Arin Greenwood's terrific new book, Save the Enemy, is labeled young-adult, but her explorations of libertarian philosophy are not typical of the genre. The story's protagonist, Zoey Trask, is torn between her parents' competing worldviews: her dad's libertarianism and her mom's spirituality. (Believing in spirits, Zoey's dad notes, is worse than stupid — it's irrational). While the novel is billed as a thriller, Greenwood's funny, psychologically astute characters make the fantastical story line seem just outside the bounds of normal. An excerpt:
Your dad probably read you books like The Giving Tree when you were a kid. My dad did read me The Giving Tree once, calling it "evil" in that it "promotes the immoral destruction of the self." (I was four.) He preferred Atlas Shrugged, which is basically about how rich people shouldn't pay taxes. He has explained to me a lot over the course of my seventeen years that taxes are "slavery." People are only "free when they act as they want to act." Perfect for toddlers--is my sarcasm coming through?--Atlas Shrugged is also the novelized explanation of the writer Ayn Rand's "objectivist" philosophy, of "rational self-interest," in other words: extreme selfishness.
Try to get your mind around that a minute. Try to imagine your father preaching the virtues of extreme selfishness. Now imagine being four, the most selfish age in the world. Imagine trying to understand objectivism. Imagine trying to understand anything other than wanting to play and eat ice cream. (So I guess I was a good objectivist even without knowing it.) Over the years Dad tried to explain objectivism in less abstract terms. He said that people should be able to buy what they want and act how they want without the government or other people getting in their way. Interestingly, for all this, I still wasn't allowed to set my own bedtime.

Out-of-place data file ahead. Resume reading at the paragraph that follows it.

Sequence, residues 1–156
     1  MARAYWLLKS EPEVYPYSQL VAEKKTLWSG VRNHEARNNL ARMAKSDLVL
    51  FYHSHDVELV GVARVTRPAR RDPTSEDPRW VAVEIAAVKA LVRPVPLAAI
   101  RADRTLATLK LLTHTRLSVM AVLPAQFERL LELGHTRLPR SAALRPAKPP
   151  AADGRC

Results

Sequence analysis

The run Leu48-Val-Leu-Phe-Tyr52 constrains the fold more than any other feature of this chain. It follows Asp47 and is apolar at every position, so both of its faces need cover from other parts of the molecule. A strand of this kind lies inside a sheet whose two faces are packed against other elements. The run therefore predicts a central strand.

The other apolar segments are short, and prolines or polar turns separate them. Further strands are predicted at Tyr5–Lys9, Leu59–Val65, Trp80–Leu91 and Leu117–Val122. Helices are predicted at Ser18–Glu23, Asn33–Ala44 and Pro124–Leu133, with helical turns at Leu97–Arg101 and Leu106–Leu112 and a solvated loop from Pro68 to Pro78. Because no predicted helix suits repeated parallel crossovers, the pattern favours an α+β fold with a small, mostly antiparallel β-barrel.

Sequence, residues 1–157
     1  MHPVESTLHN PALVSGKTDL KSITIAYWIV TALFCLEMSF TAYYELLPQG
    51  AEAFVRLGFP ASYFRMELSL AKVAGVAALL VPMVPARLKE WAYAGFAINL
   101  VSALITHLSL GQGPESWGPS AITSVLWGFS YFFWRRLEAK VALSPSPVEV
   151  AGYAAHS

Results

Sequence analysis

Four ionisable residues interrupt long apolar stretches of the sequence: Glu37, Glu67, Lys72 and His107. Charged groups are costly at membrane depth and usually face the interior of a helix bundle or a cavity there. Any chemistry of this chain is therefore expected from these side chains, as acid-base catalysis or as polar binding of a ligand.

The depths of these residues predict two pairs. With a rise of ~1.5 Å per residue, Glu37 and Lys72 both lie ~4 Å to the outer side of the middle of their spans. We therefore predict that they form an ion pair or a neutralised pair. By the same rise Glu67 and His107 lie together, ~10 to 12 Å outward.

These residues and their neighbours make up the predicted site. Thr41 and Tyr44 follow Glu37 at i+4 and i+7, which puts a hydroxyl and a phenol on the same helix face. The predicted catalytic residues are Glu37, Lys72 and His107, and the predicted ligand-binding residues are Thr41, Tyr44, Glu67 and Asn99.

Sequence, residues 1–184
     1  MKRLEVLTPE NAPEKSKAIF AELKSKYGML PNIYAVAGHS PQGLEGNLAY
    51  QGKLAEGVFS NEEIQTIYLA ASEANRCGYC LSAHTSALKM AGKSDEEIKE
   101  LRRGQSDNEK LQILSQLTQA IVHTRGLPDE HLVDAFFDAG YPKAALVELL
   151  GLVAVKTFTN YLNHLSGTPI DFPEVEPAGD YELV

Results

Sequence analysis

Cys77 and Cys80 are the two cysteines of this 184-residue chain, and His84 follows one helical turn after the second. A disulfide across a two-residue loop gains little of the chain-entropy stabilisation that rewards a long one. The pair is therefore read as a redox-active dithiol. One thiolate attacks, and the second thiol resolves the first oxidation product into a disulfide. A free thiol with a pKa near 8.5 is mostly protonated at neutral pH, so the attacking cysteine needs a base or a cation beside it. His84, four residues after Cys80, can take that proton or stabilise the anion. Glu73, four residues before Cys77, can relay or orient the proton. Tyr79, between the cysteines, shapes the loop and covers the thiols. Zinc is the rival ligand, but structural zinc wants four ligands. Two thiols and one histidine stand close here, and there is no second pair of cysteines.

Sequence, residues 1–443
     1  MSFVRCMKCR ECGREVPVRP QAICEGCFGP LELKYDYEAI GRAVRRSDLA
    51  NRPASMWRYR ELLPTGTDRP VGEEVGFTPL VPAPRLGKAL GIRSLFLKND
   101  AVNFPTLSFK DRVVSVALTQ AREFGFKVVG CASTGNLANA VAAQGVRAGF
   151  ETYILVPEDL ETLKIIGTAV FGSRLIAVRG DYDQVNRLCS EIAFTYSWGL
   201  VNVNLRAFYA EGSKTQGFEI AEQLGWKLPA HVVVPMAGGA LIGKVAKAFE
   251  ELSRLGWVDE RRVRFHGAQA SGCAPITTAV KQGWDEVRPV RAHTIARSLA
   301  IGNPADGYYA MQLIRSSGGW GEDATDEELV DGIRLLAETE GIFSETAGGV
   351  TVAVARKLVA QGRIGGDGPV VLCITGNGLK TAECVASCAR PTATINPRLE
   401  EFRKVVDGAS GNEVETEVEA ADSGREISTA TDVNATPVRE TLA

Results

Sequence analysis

I've known Greenwood, and even worked with her briefly at The Huffington Post. A journalist by day, she adores animals and lives with her husband, Ray, in Old Town Alexandria, Va., where Save the Enemy is set. I interviewed her Monday about her new novel, which was published today by SoHo press. Below is an abbreviated version of our conversation.
It seems like your protagonist is pulled between, on the one hand, supernaturalism and, on the other hand, this hyper-rational libertarian philosophy. Can you talk about that tension?
She loves her dad, who's instilled in her this hyper-rationalism (sort of — he also has his nonrational idiosyncrasies). But on the other hand, she's also drawn to mystical things. I think she's coming to realize that she has to make choices in life. She's not especially inclined to do that on her own, and she's seeing that her parents' choices didn't really turn out in ideal ways. But she has to start choosing, all the same.